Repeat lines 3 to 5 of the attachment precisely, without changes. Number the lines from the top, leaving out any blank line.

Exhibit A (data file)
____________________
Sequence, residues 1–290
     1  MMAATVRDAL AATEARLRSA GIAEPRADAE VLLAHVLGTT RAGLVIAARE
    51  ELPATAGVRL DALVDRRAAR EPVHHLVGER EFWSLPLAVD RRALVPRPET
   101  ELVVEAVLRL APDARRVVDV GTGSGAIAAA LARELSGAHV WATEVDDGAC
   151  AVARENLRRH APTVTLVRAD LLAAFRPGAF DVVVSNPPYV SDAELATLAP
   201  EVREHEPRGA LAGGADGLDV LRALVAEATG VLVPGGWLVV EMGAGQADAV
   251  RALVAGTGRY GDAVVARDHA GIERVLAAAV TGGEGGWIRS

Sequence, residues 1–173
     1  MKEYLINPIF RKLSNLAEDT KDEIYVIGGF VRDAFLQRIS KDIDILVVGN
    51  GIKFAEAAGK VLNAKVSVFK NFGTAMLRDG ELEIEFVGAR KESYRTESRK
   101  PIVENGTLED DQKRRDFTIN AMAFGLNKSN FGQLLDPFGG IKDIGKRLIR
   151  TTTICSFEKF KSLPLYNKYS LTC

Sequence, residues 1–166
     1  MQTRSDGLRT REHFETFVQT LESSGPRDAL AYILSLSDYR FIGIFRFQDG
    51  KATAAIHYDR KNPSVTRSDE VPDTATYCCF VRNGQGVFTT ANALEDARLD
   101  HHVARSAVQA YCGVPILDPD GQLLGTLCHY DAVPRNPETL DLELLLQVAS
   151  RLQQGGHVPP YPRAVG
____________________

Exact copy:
    51  ELPATAGVRL DALVDRRAAR EPVHHLVGER EFWSLPLAVD RRALVPRPET
   101  ELVVEAVLRL APDARRVVDV GTGSGAIAAA LARELSGAHV WATEVDDGAC
   151  AVARENLRRH APTVTLVRAD LLAAFRPGAF DVVVSNPPYV SDAELATLAP